• A slightly more modern computer with USB and virtualization enabled
    Refer to your computer/motherboard manual for instructions on how to check and/or enable it
  • The setup ISO for your Windows 9x of choice
    If you only have a CD, you can download it from WinWorld or create an ISO image from your CD with ImgBurn
  • A Windows 98 DOS boot floppy (the *.img file)
    Download it from AllBootDisks.com, if you don't already have one
  • A virtualization software (VirtualBox, VMware Player, Hyper-V, Virtual PC)
    Any program should work perfectly fine, but for this guide I will be using VirtualBox
  • HDDGuru's HDD Raw Copy utility
This method requires some tinkering with your hardware, because you will need to remove the hard drive from your old PC. Be VERY careful with that thing, because old hardware is more likely to break if not handled properly: take your time, don't force old and brittle plastics, don't lose screws inside the machine and don't drop your precious stuff.
Let's get right into it.
  1. Open VirtualBox and create a new virtual machine with the following specs:
    • Name: whatever you want ("Farts" is acceptable)
    • Type: MS Windows
    • Version: Windows 98
    • Memory: whatever is suggested, 64MB should be plenty
    • Hard drive: new drive, type VHD, dynamic allocation. Size should be about 90% the destination drive capacity (for example, 3.6 GB if the drive is 4 GB)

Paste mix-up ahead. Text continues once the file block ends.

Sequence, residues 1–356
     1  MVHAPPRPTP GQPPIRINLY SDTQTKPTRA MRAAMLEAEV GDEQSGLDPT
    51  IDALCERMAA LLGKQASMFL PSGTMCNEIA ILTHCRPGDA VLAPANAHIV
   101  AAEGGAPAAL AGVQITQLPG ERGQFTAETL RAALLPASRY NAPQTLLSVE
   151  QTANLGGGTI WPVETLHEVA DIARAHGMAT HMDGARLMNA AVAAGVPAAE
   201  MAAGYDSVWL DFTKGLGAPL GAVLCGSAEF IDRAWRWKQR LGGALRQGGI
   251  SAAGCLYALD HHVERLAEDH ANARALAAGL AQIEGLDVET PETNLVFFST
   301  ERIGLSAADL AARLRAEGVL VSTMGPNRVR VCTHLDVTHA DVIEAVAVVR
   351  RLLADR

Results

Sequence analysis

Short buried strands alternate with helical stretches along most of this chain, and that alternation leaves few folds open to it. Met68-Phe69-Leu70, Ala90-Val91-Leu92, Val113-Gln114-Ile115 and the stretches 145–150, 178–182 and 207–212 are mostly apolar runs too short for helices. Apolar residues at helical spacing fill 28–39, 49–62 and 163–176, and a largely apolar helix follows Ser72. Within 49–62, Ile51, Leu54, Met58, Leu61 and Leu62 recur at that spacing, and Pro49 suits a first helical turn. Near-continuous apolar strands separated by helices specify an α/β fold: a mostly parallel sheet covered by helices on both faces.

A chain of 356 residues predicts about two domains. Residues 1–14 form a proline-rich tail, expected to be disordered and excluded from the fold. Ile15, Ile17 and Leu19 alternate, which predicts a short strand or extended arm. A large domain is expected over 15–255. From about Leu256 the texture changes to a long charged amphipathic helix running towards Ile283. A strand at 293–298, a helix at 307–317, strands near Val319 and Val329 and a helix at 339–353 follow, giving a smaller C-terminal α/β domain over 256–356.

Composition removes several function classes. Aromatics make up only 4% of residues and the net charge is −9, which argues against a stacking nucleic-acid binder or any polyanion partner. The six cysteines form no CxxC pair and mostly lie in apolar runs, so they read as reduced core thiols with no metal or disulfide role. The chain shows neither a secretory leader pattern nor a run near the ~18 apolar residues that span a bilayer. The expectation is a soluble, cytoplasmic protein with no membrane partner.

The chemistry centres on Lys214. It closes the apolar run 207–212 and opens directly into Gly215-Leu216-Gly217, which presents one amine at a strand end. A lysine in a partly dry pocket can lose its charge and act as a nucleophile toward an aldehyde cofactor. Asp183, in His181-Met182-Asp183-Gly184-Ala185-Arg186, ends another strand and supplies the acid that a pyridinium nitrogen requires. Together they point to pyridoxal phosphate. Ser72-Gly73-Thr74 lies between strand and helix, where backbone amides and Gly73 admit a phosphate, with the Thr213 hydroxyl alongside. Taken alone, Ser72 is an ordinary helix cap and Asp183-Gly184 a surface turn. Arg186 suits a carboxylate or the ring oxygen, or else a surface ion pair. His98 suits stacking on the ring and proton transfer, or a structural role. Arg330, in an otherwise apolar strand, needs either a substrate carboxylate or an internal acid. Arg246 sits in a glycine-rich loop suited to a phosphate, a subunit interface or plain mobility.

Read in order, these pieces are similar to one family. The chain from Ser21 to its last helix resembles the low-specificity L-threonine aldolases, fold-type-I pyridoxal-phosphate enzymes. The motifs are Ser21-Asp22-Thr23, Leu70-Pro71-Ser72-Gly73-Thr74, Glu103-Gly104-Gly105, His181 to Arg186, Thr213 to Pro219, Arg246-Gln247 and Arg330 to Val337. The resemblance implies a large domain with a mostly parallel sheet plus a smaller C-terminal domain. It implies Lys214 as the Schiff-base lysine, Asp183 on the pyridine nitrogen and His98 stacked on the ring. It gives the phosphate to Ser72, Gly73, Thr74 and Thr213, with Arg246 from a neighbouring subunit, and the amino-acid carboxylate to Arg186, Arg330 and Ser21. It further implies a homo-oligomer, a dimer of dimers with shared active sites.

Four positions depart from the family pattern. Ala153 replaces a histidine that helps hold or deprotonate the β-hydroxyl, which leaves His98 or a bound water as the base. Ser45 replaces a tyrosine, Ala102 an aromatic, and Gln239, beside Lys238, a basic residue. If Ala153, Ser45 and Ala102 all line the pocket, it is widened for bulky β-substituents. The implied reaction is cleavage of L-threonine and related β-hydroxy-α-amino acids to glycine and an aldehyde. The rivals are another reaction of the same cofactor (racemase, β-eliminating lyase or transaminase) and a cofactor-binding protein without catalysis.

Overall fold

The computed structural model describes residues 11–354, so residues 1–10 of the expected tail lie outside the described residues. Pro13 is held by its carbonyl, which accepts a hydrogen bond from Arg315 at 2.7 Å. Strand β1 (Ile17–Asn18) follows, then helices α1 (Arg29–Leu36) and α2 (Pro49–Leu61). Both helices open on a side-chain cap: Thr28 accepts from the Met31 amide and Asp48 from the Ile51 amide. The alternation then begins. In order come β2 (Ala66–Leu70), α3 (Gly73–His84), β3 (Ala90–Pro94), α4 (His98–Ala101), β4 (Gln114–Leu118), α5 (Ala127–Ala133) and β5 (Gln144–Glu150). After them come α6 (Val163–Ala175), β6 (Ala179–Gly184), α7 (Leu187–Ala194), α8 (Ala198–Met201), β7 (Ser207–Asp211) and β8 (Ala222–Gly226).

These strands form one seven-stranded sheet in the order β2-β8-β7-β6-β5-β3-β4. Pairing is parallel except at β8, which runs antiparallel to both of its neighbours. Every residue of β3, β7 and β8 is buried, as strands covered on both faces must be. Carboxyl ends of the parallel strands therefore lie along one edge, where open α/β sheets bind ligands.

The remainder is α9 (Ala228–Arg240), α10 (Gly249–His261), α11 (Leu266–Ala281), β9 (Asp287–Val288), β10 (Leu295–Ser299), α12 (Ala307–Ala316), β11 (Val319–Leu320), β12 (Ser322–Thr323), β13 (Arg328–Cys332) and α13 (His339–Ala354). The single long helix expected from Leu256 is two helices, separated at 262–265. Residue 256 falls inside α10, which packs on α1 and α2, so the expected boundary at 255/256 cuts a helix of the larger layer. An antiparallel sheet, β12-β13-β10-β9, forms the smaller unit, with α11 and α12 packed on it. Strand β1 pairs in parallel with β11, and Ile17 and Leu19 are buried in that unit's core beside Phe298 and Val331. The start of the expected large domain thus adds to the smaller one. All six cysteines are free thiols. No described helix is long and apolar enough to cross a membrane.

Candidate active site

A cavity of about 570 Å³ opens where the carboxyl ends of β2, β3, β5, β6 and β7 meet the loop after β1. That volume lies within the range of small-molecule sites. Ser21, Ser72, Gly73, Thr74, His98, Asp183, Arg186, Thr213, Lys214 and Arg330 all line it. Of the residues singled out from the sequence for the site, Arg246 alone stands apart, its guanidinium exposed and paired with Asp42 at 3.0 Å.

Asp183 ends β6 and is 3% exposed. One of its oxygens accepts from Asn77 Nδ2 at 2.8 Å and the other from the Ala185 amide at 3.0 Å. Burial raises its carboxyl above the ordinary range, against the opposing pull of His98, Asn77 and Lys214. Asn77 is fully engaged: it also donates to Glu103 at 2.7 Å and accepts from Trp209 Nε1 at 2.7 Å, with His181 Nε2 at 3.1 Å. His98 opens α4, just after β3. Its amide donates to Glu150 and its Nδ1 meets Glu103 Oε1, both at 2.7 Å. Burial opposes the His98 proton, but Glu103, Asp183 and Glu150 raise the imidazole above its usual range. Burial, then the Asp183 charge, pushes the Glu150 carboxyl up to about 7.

2. Before starting the VM, head to Settings
  3. In the storage section, set the interfaces as:
    • Floppy controller
      • Drive 0: load the Windows 98 boot floppy
    • IDE controller
      • Drive 0: it should be the VHD file, leave it as is
      • Drive 1: it should be an empty CD drive, load your Windows 9x ISO
  4. Don't close the settings yet and head to the System section. Make sure floppy is the first boot entry
  5. Save and start the VM
  6. At the startup menu, run without CD-ROM support
  7. Run fdisk and type Y for large disk support
  8. Create a new primary DOS partition using option 1. Make it use all available space
  9. Quit fdisk and reboot the VM by pressing RightCtrl+Del
  10. Now, start DOS with CD-ROM support. Keep an eye on what drive letter gets assigned by MSCDEX (should be E:)
  11. Run format C: /s
  12. Run mkdir C:\winsetup
  13. Run copy E:\win9#\*.* C:\winsetup
  14. Once finished copying, you can shut down the VM
  15. Locate the VHD file used by VirtualBox. Usually it's in C:\Users\{username}\VirtualBox VMs\{vm_name}\{vm_name}.vhd
  16. Connect the destination hard drive to your PC
  17. Run HDD Raw Copy
  18. At the SOURCE window, double-click FILE and browse to the VHD file you looked up before, then click Continue
  19. At the TARGET window, select the destination drive and Continue. Be careful, your internal drives are also listed and if you choose the wrong one, you will end up losing everything on it.
  20. Press START and wait until the image is completely written to the drive
  21. Close the program
  22. At this stage, you also might want to copy over the drivers you will need for the target computer. Just browse to the drive, create another directory and copy-paste the files you have.
  23. Safely eject the drive from your system, then put it back into the PC
  24. If everything went as planned, you should be greeted by a DOS prompt. Run winsetup\setup to start the installation process. What follows is the good ol' setup wizard.

Zago wrote this article

Born in 2000, the Millenium Bug affected me by making me believe to be in 1998 and that Windows 98 is still cutting-edge technology. Modern and retro tech enthusiast, I'm studying Computer Engineering while maintaining, developing and writing for this website.